Parliamentary Sovereignty: Features & Example

Instructor: Nate Sullivan

Nate Sullivan holds a M.A. in History and a M.Ed. He is an adjunct history professor, middle school history teacher, and freelance writer.

In this lesson, we will learn about parliamentary sovereignty. We will define the term to understand what it is and we will highlight notable examples.

Definition of Parliamentary Sovereignty

Maybe some of you have heard the word ''sovereignty.'' The word is used in many contexts. In the context of religion, theologians use the expression ''God's sovereignty'' to show that God has control over the universe. Throughout history, monarchs and rulers have also been referred to as ''Sovereigns,'' meaning they have authority over their domain. Sometimes in geopolitics, the word is used to describe the authority of an independent nation-state. For example, the American Revolution resulted in the creation of the United States as ''one sovereign, independent country.''

The word ''sovereignty'' basically means control or authority. The word ''parliamentary'' has to do with a democratic legislature. In Great Britain, their legislative assembly is called Parliament. In the United States, it is called Congress.

So, what is parliamentary sovereignty? This term basically refers to a democratic government in which the legislative branch is sovereign over the other branches (typically the executive and judicial branches). In essence, the legislative branch is the supreme lawmaker and has supreme authority. Because Great Britain's government operates under parliamentary sovereignty, the term is often used in connection with British politics, even though other countries use the system as well.

British Parliament in 1911
house of lords

Separation of Powers vs. Parliamentary Sovereignty

If you have ever taken a government or civics class, you may have learned about separation of powers, which is a term used to describe how in the U.S. government, power is divided evenly among the three branches (legislative, executive, and judicial). In this way, no one branch has more power than the others. This idea is closely associated with ''checks and balances,'' which means there are ''checks'' on each branch's power so that any one branch does not become too powerful.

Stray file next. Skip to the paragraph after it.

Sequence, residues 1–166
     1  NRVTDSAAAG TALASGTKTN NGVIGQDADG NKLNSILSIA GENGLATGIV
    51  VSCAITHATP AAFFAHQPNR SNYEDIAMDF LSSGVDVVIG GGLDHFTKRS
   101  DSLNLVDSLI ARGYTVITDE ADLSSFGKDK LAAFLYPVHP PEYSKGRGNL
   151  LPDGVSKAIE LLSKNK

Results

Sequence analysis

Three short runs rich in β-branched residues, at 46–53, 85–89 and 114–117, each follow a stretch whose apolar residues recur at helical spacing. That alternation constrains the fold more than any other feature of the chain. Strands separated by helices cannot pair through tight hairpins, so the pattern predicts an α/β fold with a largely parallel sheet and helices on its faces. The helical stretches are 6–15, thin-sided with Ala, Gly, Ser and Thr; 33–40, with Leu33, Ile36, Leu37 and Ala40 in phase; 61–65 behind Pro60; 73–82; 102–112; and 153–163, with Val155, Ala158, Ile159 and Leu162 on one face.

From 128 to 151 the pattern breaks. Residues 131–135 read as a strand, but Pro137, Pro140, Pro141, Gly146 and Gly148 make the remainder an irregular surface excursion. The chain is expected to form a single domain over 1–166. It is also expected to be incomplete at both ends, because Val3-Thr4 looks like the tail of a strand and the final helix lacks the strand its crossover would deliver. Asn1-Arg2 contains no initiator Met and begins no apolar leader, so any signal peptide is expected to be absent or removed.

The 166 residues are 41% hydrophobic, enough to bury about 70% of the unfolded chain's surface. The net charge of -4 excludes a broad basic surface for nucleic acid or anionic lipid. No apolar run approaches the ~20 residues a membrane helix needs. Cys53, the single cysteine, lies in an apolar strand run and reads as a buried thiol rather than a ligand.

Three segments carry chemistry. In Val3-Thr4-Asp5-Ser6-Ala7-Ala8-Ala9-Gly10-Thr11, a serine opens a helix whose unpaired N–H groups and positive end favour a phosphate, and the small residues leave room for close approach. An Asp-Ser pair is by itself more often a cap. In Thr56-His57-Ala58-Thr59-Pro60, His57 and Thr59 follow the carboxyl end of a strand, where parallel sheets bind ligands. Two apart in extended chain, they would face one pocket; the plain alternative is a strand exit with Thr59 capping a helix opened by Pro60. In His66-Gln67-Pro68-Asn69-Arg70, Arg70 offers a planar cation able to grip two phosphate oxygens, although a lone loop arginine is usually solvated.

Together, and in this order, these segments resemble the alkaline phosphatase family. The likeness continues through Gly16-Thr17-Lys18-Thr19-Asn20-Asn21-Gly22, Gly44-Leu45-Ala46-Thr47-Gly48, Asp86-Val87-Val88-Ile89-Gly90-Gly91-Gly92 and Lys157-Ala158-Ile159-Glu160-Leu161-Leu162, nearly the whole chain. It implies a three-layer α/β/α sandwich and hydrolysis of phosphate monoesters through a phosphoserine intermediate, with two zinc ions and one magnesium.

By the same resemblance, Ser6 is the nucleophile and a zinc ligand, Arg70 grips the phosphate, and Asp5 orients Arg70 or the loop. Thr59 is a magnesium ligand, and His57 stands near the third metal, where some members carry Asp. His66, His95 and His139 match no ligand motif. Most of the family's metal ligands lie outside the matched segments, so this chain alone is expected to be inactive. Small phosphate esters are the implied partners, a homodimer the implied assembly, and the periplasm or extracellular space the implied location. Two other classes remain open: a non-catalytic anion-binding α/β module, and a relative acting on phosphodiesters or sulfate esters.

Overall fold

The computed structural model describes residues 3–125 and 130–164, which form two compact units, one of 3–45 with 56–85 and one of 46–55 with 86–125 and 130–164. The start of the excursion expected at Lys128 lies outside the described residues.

In the United States, power is divided evenly among the three branches so that no single branch has more power than the other two. Seen here is the U.S. Congress in 1915.
congress

Parliamentary sovereignty, by contrast, allows one branch to have more power than the others. And, of course, this is the legislative branch. So whereas in the United States the president has the power to veto legislation he or she doesn't like, under parliamentary sovereignty, the decision of the legislative branch is supreme. Under this system, the legislative branch can even overturn the ruling of the monarch or executive leader.

Political theorists have identified three basic tenets of parliamentary sovereignty:

  • The legislative branch is permitted to make laws regarding anything.
  • No legislative body can pass a law that binds a future legislative body. This means all laws can be reversed.
  • Laws passed by the legislative branch cannot be made invalid by the court/judicial branch. In other words, unlike in the U.S., laws cannot be judged ''unconstitutional.''

Examples of Parliamentary Sovereignty

The best example of parliamentary sovereignty is Great Britain. In many cases, the term itself connotes the British system. British parliamentary sovereignty more or less evolved into being, but it was the Glorious Revolution of 1688 that most contributed to the adoption of parliamentary sovereignty.

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